The views expressed in our content reflect individual perspectives and do not represent the official views of the Baha'i Faith.
Hinduism is a great religion, not so different from historically Western religions once fully understood, and the entirety of humanity has begun to recognize it as part of a single divine unfolding plan.
Hindu teachings and practices have greatly enriched the world: meditation and yoga readily come to mind, but also concepts like karma and the chakras, and the profoundly spiritual and moral teachings of Hindu scripture and poetry, especially by poets like RabrindranathTagore. There are also the contributions of world-class mathematicians and scientists who practice this religion to consider.
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Hindus are not in need of individual salvation from outside of their religion. Their religion, however, promises a renewal of civilization, and of this they—like the rest of us—are in profound need.
Hinduism has not been fully able to adequately address many of its longstanding social problems—for example, the caste system. The caste system finds scant support in Vedic literature. The sole reference in the Rig Veda is in Book (Mandala) 10, Chapter 90 where Purusa, the cosmic being who pervades everything, is metaphorically described as a person whose parts correspond to four different castes: brahmins (priests) who make up his mouth, rājanya (rulers) who make up his arms, vaiśya (skilled traders and merchants) who make up his thighs, and sūdra (unskilled workers) who make up his feet. Nothing in this, however, speaks of differential worth—all are necessary and nothing in it implies prejudice or social rigidity.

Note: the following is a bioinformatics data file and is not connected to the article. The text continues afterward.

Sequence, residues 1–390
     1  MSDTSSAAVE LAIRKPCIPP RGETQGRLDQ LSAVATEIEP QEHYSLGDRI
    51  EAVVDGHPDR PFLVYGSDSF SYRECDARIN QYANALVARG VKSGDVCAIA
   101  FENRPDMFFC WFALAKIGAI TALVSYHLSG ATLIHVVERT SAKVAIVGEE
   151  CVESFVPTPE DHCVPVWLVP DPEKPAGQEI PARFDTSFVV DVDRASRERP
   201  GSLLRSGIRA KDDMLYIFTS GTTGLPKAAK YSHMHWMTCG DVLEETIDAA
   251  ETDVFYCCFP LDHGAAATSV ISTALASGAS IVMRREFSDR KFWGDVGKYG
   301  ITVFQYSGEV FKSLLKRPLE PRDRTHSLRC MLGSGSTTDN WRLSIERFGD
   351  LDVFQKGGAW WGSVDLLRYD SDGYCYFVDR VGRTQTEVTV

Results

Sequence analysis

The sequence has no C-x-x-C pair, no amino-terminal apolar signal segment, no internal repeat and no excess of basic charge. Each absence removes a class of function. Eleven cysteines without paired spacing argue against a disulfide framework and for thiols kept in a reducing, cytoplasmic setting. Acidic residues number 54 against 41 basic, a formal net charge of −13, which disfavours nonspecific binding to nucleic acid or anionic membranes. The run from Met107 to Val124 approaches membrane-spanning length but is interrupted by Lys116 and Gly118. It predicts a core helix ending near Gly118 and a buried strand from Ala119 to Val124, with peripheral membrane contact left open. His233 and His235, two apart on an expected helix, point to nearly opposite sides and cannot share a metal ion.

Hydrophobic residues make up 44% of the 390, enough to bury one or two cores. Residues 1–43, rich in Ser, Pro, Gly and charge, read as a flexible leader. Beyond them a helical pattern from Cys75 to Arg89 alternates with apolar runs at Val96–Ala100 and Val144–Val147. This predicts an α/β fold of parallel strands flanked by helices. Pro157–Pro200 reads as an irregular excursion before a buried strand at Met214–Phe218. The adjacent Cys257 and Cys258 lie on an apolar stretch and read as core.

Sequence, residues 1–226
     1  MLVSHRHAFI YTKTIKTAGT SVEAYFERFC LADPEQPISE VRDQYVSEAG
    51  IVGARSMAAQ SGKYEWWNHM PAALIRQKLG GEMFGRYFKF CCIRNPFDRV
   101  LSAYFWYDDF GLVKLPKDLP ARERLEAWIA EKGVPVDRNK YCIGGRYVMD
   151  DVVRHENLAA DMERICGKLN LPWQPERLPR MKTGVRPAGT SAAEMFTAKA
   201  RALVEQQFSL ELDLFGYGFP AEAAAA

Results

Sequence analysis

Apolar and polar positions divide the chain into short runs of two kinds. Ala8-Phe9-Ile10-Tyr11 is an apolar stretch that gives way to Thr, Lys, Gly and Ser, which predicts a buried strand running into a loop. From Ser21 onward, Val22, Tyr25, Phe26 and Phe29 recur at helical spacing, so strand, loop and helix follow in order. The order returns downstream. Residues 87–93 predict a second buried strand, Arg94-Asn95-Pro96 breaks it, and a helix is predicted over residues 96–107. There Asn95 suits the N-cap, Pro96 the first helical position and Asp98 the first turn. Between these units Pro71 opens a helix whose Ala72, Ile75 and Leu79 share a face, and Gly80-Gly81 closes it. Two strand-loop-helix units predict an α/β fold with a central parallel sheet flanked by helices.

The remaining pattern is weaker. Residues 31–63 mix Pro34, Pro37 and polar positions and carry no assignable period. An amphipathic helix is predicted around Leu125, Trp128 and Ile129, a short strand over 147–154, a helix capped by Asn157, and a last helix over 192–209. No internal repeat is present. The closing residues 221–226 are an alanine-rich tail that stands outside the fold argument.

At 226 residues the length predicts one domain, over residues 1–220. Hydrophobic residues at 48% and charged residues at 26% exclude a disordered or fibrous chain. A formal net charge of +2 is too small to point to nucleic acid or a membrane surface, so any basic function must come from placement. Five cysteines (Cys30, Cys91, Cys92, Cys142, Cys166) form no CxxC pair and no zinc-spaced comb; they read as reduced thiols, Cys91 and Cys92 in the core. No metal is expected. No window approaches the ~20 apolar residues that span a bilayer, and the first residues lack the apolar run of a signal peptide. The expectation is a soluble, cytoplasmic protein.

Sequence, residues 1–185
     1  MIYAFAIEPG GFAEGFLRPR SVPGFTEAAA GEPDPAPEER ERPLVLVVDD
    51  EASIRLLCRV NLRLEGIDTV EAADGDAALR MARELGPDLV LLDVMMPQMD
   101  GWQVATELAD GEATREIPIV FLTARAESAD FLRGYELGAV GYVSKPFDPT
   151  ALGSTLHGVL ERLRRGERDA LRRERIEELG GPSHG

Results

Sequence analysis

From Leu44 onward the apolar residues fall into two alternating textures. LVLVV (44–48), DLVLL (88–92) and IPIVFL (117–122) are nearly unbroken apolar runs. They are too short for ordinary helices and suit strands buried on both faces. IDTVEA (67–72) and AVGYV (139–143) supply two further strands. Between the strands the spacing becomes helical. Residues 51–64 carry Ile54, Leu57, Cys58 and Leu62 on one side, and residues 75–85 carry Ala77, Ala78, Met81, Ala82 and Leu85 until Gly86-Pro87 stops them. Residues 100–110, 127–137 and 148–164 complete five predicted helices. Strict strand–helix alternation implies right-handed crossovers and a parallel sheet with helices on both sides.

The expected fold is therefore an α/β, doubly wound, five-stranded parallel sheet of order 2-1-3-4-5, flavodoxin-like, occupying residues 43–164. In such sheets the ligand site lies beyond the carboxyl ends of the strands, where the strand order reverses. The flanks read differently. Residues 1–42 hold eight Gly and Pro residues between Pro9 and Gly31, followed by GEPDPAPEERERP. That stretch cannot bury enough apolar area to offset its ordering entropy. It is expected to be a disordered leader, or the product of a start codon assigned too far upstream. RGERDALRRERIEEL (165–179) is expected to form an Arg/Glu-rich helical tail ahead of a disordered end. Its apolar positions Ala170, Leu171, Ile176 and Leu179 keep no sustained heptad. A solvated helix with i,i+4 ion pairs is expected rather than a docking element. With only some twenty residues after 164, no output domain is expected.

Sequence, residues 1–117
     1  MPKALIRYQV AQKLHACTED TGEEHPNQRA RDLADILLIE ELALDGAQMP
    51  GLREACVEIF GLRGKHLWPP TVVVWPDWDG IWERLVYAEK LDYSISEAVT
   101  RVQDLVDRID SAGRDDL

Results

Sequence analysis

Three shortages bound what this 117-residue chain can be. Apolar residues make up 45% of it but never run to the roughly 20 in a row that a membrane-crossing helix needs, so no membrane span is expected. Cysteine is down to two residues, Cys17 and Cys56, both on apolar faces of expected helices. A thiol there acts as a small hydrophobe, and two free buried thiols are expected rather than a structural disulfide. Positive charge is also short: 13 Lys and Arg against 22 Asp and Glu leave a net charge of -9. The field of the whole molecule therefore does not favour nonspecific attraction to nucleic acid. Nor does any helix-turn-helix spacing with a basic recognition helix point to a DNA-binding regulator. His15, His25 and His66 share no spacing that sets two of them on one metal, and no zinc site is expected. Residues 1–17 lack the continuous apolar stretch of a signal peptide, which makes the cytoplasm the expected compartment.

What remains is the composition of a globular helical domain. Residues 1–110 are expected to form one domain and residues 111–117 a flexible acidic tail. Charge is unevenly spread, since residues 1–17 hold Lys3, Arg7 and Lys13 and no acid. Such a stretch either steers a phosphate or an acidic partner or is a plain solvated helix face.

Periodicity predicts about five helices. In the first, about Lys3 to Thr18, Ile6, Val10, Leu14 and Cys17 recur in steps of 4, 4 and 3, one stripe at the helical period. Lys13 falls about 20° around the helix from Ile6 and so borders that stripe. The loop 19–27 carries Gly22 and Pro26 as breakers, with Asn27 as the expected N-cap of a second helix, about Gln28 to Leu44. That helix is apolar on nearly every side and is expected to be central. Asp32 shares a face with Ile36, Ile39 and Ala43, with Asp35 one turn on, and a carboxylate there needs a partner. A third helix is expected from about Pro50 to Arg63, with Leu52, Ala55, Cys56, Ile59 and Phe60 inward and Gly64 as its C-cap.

Historians still debate how the caste system arose. As the word for it in Sanskrit is varnashrama dharma and “varna” means “color,” it is often assumed that it developed as a racial designation when the lighter skinned Aryans imposed their will over the darker skinned original inhabitants of the Indian sub-continent.
However it occurred, by the time of the Bhagavad Gita, a more rigid caste system was in place—apparently as a way of preserving spiritual traditions within families. In the Bhagavad Gita (4:13), Krishna (really Vishnu) claimed to be the creator of a system in which caste was identified as reflecting people’s qualities and activities. While there is nothing particularly offensive about this, over time the idea developed that one is born into caste by virtue of karma in previous lives. At this point, being a “lower” caste member became a punitive designation, and severe prejudices developed as a result.
While the caste system may have had some positive function in past society, it is hard to see it now as anything but a system which favors some and represses others. It can be used to blame those born into dire straits, and to justify the accumulation of wealth by a chosen few. It allows the higher classes to turn their backs on the poor—a decidedly unspiritual act—and it fosters an insufferable arrogance among the elite—who are increasingly consumed with material pursuits. This hardly represents a divine system, as Baha’u’llah clearly pointed out in his tablets to the kings and rulers of the world:
Know ye that the poor are the trust of God in your midst. Watch that ye betray not His trust, that ye deal not unjustly with them and that ye walk not in the ways of the treacherous. Ye will most certainly be called upon to answer for His trust on the day when the Balance of Justice shall be set, the day when unto every one shall be rendered his due, when the doings of all men, be they rich or poor, shall be weighed.